One of the fascinating things about being on the Encinitas City Council is really understanding how things work. I feel this way about infrastructure issues, such as what happens to my children’s bathwater when I drain the tub, but also about operational issues. For example, labor negotiations.
For many months, the city’s negotiators have been holding “meet and confers” with labor representatives, and this week we announced a deal. This process was all new to me, and I’m here to tell you that it’s very involved. There’s even a specific vocabulary. Possible compensation packages called “supposals” that aren’t as serious as “proposals” and can’t tie either side, go back and forth, and back and forth.
We now have a four-year labor contract, which supposedly creates “labor peace.” We haven’t had a labor contract for the last three years, which means our employees’ compensation has been unchanged. Three years ago when labor negotiations broke down, we “imposed,” or made the employees accept, our “last and best” offer, which was essentially the status quo.
The negotiating process starts with a comparison of the “salary bands” for other public employees in neighboring cities that have the same job. What do they make, and what kind of raises did they get recently? We didn’t do any comparing with similar-type jobs in the private sector.
Here are the terms of our unanimous agreement:
Base pay will go up 1% for 2015 and 2016, and then 2% for 2017 and 2018. We are also adding to the cafeteria plan, giving employees one additional “floating” holiday they can use whenever they want. The financial effect is that for 183 employees, the city will pay an additional $180,800 for the first year, and a total of about $1 million across four years. Employees who are represented by a union (113 employees) and those who aren’t (70 employees, many of them in management positions) in the city and the water district get the same deal. This doesn’t cover public safety employees, who have a completely different, already negotiated, contract.
The deal is a relatively modest increase after three years of no increases, and it’s a reflection of the reality that our employees are already fairly compensated compared to neighboring cities — but it takes into account that the cost of living continues to increase. Here’s a San Diego Union-Tribune article on the new contract.
This time-intensive negotiation was a learning experience for me, and I’m glad that we’ve got it settled for the next four years.
Greywater Systems and Solar Panels
This week the City Council unanimously voted to move forward with an ordinance that makes pre-plumbing for greywater systems mandatory in new construction. We also directed staff to get back to us with more details about lowering permit fees for greywater systems and incentivizing their installation through rebates.
Greywater is gently used water from uses like bathing, washing clothes and hand washing. Why drain water into the sewer when you could water your plants with it? To be clear, the greywater systems we’re talking about don’t reuse water from kitchen sinks or toilets, because of potential health hazards.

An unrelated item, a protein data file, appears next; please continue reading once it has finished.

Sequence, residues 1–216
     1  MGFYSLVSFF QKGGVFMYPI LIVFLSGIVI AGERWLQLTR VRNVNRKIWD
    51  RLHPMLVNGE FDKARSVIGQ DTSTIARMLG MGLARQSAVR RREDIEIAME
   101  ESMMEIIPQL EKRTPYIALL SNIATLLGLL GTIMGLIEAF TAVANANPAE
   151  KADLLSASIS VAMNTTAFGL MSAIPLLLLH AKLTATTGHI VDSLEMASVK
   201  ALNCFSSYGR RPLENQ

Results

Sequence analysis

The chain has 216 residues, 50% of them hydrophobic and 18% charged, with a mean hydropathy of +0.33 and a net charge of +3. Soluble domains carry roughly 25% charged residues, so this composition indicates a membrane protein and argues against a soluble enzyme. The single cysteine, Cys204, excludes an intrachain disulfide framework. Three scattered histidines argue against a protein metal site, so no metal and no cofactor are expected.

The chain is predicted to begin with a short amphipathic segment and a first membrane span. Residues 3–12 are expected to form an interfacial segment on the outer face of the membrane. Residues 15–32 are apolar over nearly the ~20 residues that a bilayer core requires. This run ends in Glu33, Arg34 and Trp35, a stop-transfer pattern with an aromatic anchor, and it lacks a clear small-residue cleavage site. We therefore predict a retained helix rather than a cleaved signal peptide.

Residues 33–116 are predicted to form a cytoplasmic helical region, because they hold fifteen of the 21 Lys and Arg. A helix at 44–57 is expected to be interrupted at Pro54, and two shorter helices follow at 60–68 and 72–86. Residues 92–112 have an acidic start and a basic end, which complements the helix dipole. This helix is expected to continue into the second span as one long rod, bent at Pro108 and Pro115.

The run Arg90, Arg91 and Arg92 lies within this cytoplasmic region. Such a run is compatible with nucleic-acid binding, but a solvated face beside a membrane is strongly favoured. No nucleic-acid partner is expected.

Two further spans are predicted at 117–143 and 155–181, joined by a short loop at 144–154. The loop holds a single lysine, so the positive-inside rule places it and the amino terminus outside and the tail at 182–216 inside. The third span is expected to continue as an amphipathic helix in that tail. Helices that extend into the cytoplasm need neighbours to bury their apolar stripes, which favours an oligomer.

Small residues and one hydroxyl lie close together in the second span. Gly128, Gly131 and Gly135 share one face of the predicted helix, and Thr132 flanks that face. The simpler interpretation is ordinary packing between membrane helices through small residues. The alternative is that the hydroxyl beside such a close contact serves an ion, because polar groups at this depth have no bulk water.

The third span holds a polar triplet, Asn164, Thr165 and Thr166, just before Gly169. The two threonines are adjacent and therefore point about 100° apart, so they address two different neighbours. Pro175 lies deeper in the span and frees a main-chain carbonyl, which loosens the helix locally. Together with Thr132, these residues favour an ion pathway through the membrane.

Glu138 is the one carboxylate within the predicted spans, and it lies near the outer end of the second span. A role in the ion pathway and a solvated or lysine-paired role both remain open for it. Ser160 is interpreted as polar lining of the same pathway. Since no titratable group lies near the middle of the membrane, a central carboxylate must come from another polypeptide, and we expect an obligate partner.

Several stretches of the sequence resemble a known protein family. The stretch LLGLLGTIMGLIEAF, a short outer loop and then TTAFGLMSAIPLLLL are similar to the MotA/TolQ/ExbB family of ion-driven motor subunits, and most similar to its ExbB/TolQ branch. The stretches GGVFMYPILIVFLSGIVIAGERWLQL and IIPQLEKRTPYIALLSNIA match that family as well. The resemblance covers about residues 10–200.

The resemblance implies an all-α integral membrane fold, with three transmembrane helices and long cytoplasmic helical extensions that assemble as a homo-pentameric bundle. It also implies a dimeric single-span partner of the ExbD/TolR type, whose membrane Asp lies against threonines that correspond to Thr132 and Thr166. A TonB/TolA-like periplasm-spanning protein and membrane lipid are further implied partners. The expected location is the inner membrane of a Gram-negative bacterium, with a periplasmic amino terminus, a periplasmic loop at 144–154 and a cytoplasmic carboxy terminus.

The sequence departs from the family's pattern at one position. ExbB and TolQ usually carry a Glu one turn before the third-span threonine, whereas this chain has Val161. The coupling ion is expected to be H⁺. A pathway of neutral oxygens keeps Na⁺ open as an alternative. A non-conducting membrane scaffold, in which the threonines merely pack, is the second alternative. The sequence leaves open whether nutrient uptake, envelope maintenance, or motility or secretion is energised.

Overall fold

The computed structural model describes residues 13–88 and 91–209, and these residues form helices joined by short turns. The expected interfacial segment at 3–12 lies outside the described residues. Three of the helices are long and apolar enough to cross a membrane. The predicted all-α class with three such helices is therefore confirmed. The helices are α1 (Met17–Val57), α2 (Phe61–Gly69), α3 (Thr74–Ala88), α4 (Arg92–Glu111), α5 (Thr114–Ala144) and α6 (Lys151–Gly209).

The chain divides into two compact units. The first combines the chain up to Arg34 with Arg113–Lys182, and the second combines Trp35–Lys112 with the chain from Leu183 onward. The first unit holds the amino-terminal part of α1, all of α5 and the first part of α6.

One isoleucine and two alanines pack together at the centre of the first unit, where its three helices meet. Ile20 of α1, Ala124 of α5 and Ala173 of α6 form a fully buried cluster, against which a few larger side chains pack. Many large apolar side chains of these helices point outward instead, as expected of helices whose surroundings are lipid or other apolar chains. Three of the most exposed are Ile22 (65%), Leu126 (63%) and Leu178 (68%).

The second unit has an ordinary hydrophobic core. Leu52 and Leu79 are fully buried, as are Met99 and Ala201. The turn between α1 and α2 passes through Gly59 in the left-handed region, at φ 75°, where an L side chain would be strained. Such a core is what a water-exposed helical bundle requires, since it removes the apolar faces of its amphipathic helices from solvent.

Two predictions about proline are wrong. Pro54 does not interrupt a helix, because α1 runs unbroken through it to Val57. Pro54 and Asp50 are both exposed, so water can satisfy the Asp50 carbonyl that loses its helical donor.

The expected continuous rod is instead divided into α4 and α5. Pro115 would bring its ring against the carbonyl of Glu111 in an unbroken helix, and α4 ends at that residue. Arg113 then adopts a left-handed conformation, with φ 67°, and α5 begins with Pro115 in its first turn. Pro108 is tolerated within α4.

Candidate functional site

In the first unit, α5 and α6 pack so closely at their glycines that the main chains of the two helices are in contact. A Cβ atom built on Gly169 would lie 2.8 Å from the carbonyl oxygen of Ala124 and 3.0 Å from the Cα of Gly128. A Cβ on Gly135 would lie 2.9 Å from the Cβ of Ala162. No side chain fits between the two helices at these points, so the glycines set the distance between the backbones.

Retrofitting an existing house for greywater, particularly if it’s on a slab, is prohibitively expensive and therefore very rarely done. Pre-plumbing a house adds a small cost up front, but can result in financial and ecological benefits down the line, when (and if) the greywater system is installed. This is why it’s so important that we consider the amount of the permit fee. If the city charges hundreds of dollars to approve and inspect the system, it’s a disincentive to install it.
I’m grateful for the quick actions of our city staff on the Council’s greywater request. When faced with the historic drought in April, I suggested that we implement code changes that would promote greywater systems to help homeowners easily re-use water on their own property. The Council unanimously agreed and we asked city staff to work on it. Three months later we have a new ordinance and a new streamlined approach. That responsiveness from our city staff deserves commendation!
The more we can eliminate the middle man, i.e. the sewer system and treatment plant, and reuse water on residents’ property, the better. Here’s an Encinitas Advocate article about this.
We also approved an ordinance that established an expedited, streamlined permitting process, with no city permitting fees, for small residential rooftop solar systems. This change was mandated by state law.
Alcohol-related Problems Downtown at Night
In our ongoing effort to manage the excesses that result from having a vibrant, downtown nightlife, the City Council unanimously approved the following:
- To discourage those who are reportedly living in their cars downtown, and parking them overnight in two-hour parking spaces, we’ve requested parking tickets occasionally be written in the downtown.
- We directed staff to investigate the possibility of permit parking in residential areas at night, a valet service and/or the use of a City Hall parking lot as a designated waiting area to help ease the parking problems created by taxis, ride share services and party buses creating traffic and parking problems in the street.
- We directed city staff to proactively reach out to downtown businesses to expedite the “alley activation program” so the alleys are better lit and attractive, and to deter unwanted and illegal actives, like drug use.
- We’d like the city to do more to publicize the fact that positive change is happening now. Sheriff and code enforcement have a higher profile presence in downtown. We requested an assessment in the fall of the success of the program.
The Encinitas City Council is now on a one-month recess. We’ll be back in the saddle in mid-August. I wish everyone a happy, healthy, fun-filled summer, enjoying this paradise we are lucky to call home.